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It's a point of law.

  1. Apr 5, 2004 #1


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    A Texas mother who tried to kill both of her young sons, one of whom in fact did die, was found not guilty by reason of insanity. There is some speculation that the alleged Ohio sniper's defense team will try to go that route. If I understand, there is a sense in which, in the punishment part of the trial, the judge goes "easier" on a defendant who is guilty by insanity rather than simply guilty.

    Does anybody know what the history behind this is? Have there been times or places where the punishment would be harsher for a criminally insane person, rather than easier? Is there much support in modern times for going the latter route? For instance, can a case be made that we should lock a sane murderer up for the remainder of his or her life, but we ought to put to death an insane murderer?

    Second question: When a defendant is found guilty, I am pretty sure that the defense attorney will sometimes make the case, during the punishment phase, that his client would not have done the act if he hadn't been drunk on liquor or high on some illegal narcotic. Is it ethically sensible for a judge to go easier on a guy because, in addition to doing whatever other crime he was found guilty of, he was also doing something unlawful at the same time in the way of being publicly intoxicated?
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  3. Apr 6, 2004 #2


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    here is the flaw in american law...find an excuse, and you won't get punished so severely...it teaches american society to not be responsible for their actions, and this is why crime continues. i believe the insanity arguement should be saved for those who are truly insane, not just being emotional for a few moments. the texas woman claiming that god told her to kill her children has emotional issues and should be in a prison with other criminals to get a dose of what reality is...i guarantee you those other female inmates wouldn't be so nice to her, as there is a "class system" in prisons (from what i have heard) and killing children certainly doesn't put you at the top...
  4. Apr 8, 2004 #3
    Suppose that you are a parent, how can you consider somebody who is killing her own children not being insane. Shouldn"t the single most first natural need for an individual be, protecting its offspring? If that urge is not present, would you consider such an individual as normal?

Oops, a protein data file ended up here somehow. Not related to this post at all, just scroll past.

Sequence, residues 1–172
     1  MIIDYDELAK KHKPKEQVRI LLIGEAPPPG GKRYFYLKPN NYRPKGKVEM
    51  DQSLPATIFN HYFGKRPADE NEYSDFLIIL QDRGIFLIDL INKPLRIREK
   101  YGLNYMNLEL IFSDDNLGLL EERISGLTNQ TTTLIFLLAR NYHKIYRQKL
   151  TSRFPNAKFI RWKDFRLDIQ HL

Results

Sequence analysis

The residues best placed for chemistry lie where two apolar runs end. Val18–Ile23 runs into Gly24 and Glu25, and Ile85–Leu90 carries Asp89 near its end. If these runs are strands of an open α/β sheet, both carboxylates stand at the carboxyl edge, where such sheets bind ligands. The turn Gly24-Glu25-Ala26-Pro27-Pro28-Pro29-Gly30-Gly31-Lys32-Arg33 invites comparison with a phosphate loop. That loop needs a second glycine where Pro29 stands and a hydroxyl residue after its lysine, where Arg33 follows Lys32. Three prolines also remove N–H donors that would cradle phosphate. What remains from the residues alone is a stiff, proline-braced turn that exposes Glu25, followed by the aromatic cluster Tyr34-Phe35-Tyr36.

In the Netherlands, insanity is a valid reason for an alternative mandatory treatment in an institution. Before this person is sent back to the society all effort is done to ensure that he/she is not a danger to others. Consequently the treatment may take longer than the sentence could have been.
  5. Apr 8, 2004 #4


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    The woman in question pled guilty to lesser charges in a plea agreement. SHe was not found "not-guilty by reason of insanity."

    The insanity defense only works in an exculpatory manner when an individual is incapable of distinguishing that their actions are wrong, or when an individual is not capable of controlling their actions. It is not the free ride people think. Commitments to state and federal institutions are generally for longer durations than the prison sentences a defendent would receive.

    There are provisions for "guilty but insane" in some states. The judgement indicates that the person's mental illness contributed to their criminality, but did not excuse it. Such findings will sometimes allow for lighter sentencing, if the mental illness can be treated. However, these findings can also lead to longer restrictions if the illness can not be adequately treated.

    There are provisions in law for extenuating circumstances. If someone under the influence of drugs commits a crime, it is reasonable to believe that curing their drug addiction may make them a productive member of society. Someone who commits a crime without any extenuating circumstances is less likely to be rehabilitated. It is sensible policy.

  6. Apr 8, 2004 #5


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    I have no statistics at my fingertips, so maybe I am just spitting into the wind when I say this, but it seems to me like someone with an addictive personality is likely to go right back to their substance abuse as soon as they are freed, and might thus be quite likely to repeat their crime.
  7. Apr 9, 2004 #6


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    What you say is true, for the most part. Addicts have a very hard time recovering, but there is some chance. But, those who have no mitigating factors are probably sociopaths who will never be rehabilitated.

    Addicts can recover. Those with no marketable skill can be trained. Those who are just immature can grow. But those who have no aparent reason for their crimes are almost certain to repeat them.

  8. Apr 10, 2004 #7
    Actually, not guilty by reason of insanity is the harshest verdict one can get. If somebody's guilty, they do their time (assuming it's not life), and then they're free. They can get probation, they get plenty of appeals, etc.

    If you're not guilty by reason of insanity your life is over. You're always considered insane and the courts control you for the rest of your life.

    In this case, the woman was rather clearly insane, and I agree with the verdict. She'll also be spending the rest of her life in a mental institution.
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